LINK LEVEL PERFORMANCE EVALUATION OF RELAY-BASED WIMAX NETWORK, Thesis for Telecommunication electronics
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Mustafa__Malik

LINK LEVEL PERFORMANCE EVALUATION OF RELAY-BASED WIMAX NETWORK, Thesis for Telecommunication electronics

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This thesis is focused on analyzing the link-level performance of a relay-based WiMAX network under varying conditions
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i

KWAME NKRUMAH UNIVERSITY OF SCIENCE AND

TECHNOLOGY, KUMASI, GHANA

LINK LEVEL PERFORMANCE EVALUATION OF RELAY-BASED WIMAX

NETWORK

By

THEOPHILUS ANAFO

BEng. (Electronics and Communication Engineering)

A Thesis submitted to the Department of Electrical/Electronic Engineering,

College of Engineering

In partial fulfillment of the requirements for the degree of

MASTER OF SCIENCE

IN

TELECOMMUNICATIONS ENGINEERING

JUNE 2015

ii

Declaration

I hereby declare that, except for specific references which have been duly acknowledged, this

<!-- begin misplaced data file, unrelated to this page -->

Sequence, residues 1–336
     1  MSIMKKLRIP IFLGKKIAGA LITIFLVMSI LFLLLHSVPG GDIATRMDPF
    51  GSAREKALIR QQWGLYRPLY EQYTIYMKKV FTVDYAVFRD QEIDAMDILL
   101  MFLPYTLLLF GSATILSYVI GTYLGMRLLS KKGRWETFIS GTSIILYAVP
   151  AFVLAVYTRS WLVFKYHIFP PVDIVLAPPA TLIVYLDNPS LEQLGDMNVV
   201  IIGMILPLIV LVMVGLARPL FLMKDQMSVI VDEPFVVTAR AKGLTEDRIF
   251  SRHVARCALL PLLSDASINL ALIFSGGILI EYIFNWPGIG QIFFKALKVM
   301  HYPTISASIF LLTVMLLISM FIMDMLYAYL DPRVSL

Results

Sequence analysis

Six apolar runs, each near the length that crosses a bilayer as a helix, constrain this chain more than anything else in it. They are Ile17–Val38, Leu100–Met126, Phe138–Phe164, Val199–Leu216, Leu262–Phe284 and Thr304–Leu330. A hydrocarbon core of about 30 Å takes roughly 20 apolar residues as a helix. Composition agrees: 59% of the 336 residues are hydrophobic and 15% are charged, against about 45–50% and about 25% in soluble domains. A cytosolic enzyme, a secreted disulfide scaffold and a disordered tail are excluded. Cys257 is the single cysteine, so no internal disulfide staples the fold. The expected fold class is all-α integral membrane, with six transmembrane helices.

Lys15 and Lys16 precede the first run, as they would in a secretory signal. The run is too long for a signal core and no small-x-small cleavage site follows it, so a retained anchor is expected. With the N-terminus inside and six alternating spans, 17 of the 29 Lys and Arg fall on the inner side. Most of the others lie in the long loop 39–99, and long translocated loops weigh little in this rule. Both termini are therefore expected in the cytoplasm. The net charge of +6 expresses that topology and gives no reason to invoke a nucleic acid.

work is the result of my research towards the MSc. Telecommunication Engineering, and

that, to the best of my knowledge, it contains no material previously published by another

person nor material which has been submitted either part or whole for any other degree

elsewhere.

Theophilus Anafo …………………………… …………………………..

(Student) signature Date

Certified by:

Dr. James D. Gadze …....……………………… …………………………..

(Supervisor) signature Date

Certified by:

Mr. Emmanuel A. Frimpong ………………………..… …………………………..

(Head of Department) signature Date

iii

Acknowledgement

My deepest gratitude goes to God Almighty who has sustained me, offering me this

opportunity and granting me the grace to proceed successfully.

I would like to express my profound gratitude to my supervisor Dr. J. D. Gadze for the

enormous continuous support of my Masters Study and research, for his patience, motivation,

enthusiasm, and immense knowledge. His guidance assisted me in every moment of research

and writing of this thesis. I could not have imagined a better supervisor and mentor for my

Masters study. My appreciation goes to the lecturers of the Department of

Electrical/Electronic Engineering, KNUST, for your support and immense knowledge

imparted in me. I'd like to thank my course mates; especially Michael Alewo Oyibo, Sayawu

Yakubu Diaba, Ishmael Amuzu-Quaidoo and Prince Anokye, who rendered encouragements

and many cheerful moments. My sincere thanks go to my pal; Linus Antonio Ofori Agyekum

for his support and many light-hearted moments.